Three Britons arrested yesterday in Bali over an alleged drug smuggling operation say they're innocent and have been set up.
They're accused of receiving drugs from a British grandmother who's facing the death penalty there. ITV News Correspondent Angus Walker sent this report from Bali.
A British woman facing the death penalty after being arrested over a £1.6 million cocaine haul has pleaded for help from behind bars in an Indonesian jail.
Rachel Dougall claims she was the victim of a "fit-up" after she was detained by police in Bali.
It follows the arrest of British housewife Lindsay Sandiford who was allegedly caught with 4.8kg of the drug stuffed in the lining of a suitcase.
She agreed to take part in a sting operation in which police swooped on four other suspects after her arrest last week.
Customs officials told ITV News that Mrs Sandiford may be spared the death sentence because she helped to catch three other members of the smuggling operation, who could face a firing squad
The Britons held in Bali on suspicion of smuggling cocaine have spoken exclusively to ITV News, saying: "It's a fit up" and appealing for a "decent lawyer".
ITV News has learnt the names of four Brits held in Bali over allegedly smuggling drugs into Bali. Two exclusively told ITV "it's a fit up."Read the full story ›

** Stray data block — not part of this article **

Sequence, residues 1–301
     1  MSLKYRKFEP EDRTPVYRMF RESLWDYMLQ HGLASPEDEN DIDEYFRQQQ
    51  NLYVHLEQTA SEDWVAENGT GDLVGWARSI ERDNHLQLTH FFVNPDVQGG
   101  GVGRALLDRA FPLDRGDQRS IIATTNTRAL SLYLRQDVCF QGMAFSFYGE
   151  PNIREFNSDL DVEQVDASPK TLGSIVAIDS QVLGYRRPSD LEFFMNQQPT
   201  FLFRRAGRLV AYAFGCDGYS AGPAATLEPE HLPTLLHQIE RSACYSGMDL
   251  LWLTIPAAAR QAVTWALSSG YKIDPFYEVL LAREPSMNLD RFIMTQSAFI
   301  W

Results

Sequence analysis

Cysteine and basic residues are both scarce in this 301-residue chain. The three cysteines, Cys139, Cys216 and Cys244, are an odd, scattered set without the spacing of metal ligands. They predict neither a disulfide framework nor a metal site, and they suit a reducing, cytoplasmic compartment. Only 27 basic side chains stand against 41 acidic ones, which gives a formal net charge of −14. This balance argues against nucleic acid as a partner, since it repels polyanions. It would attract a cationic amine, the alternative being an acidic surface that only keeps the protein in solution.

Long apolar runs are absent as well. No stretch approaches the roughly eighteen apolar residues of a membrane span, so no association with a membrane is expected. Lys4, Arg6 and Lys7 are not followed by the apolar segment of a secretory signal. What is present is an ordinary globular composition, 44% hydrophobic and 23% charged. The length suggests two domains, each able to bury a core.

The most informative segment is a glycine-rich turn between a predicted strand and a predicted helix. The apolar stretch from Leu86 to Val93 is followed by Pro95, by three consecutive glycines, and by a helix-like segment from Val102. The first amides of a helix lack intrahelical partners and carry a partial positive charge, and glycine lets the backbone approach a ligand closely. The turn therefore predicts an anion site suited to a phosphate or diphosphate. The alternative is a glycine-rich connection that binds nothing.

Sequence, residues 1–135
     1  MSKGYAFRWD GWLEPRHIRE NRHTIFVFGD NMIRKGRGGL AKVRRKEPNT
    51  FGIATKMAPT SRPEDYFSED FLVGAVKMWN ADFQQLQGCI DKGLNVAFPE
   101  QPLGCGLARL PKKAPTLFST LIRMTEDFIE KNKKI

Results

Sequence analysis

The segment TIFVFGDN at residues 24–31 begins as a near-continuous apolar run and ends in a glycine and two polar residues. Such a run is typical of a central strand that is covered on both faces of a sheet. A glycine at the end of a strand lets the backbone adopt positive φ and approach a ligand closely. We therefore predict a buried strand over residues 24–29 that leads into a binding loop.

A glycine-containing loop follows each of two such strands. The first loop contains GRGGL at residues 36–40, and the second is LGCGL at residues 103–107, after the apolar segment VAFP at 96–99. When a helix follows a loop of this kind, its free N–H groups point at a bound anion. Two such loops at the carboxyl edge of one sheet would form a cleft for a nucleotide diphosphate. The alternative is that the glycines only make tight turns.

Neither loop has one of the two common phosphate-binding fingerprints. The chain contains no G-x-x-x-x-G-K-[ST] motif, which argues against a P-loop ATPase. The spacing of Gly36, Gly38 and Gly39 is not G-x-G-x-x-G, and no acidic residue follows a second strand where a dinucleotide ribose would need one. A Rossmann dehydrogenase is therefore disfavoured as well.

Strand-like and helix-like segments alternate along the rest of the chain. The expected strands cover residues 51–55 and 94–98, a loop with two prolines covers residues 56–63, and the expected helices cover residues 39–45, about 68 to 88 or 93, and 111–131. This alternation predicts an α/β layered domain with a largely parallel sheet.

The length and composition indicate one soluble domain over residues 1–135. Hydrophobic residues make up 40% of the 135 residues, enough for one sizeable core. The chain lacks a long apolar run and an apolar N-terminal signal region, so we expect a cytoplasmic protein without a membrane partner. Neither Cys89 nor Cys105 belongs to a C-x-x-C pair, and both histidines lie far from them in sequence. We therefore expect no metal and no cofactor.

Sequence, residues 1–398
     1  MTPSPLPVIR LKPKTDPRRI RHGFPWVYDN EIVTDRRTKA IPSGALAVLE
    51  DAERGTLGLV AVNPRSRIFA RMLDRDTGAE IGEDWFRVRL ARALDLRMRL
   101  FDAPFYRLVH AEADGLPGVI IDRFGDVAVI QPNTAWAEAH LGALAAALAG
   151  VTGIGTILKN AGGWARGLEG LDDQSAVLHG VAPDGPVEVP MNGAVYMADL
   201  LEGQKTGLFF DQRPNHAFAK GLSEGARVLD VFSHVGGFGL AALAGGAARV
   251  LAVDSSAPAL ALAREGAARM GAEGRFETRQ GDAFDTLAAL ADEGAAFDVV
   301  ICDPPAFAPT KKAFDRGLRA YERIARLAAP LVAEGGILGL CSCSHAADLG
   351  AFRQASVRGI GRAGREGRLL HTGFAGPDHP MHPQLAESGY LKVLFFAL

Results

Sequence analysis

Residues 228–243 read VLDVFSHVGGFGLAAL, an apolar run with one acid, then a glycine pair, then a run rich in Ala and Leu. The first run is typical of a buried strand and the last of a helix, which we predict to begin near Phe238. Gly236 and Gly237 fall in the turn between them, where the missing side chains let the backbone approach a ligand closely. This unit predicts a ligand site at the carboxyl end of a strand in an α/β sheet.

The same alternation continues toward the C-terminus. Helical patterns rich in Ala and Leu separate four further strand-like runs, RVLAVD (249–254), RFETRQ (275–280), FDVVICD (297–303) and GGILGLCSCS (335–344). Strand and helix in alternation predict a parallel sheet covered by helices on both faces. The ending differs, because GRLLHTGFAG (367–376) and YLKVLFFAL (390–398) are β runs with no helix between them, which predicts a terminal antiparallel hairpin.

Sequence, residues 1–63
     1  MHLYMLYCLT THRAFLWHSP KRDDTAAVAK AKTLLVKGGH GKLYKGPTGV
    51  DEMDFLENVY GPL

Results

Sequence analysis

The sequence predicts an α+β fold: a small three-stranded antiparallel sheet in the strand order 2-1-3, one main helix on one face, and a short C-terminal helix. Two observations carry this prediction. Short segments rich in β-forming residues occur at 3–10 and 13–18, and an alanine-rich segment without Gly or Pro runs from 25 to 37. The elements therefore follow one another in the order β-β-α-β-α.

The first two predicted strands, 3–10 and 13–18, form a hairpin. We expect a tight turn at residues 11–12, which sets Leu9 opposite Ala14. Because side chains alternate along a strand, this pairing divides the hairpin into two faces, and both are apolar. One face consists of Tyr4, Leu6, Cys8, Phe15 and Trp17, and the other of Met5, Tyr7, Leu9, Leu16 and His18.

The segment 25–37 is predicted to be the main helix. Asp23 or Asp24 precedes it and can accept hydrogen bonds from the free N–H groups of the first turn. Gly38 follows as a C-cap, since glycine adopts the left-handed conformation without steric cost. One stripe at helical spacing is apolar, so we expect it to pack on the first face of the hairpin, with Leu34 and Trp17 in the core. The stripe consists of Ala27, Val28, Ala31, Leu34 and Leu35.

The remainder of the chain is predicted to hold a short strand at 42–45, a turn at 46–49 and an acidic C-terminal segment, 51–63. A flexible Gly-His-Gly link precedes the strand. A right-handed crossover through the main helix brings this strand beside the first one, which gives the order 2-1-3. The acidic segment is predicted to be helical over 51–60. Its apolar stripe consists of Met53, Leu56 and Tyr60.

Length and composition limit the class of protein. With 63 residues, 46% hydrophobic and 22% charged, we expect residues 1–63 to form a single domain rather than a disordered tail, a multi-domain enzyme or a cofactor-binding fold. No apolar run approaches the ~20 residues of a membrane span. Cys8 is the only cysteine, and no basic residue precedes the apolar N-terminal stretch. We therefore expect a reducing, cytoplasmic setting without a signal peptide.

British couple Julian Ponder and Rachel Dougall, who live on Bali, have also been named as two of the four British suspects being held in the country on suspicion of cocaine smuggling.
Briton Paul Beales, who ITV News understands lives on Bali, is one of the four Britons being held in the country on suspicion of cocaine smuggling.
ITV News has been told the four British people arrested on suspicion of smuggling cocaine into Bali are:
Lindsay Sandiford; Julian Ponder and Rachel Dougall, a couple, and Paul Beales.
ITV News has exclusively filmed Lindsey Sandiford, the British woman arrested in Bali for allegedly smuggling almost 5 kg of cocaine into the country.
A lecturer in criminology has said that drug traffickers are now more likely to enlist western tourists because they do not fit the stereotype of a drug mule. Jennifer Fleetwood, a University of Kent expert in drug mules and the drug trade said:
Nowadays, traffickers are more likely to employ pensioners, teenagers and western tourists in the hope of evading detection.
A significant minority of drug mules are coerced or threatened into the risky business carrying drugs across borders.
Furthermore, few drug mules know where they are travelling to or what they will carry until the last minute. By then, it is impossible to back out.
According to Prisoners Abroad, around 1,000 Britons are imprisoned overseas, mainly for drugs offences.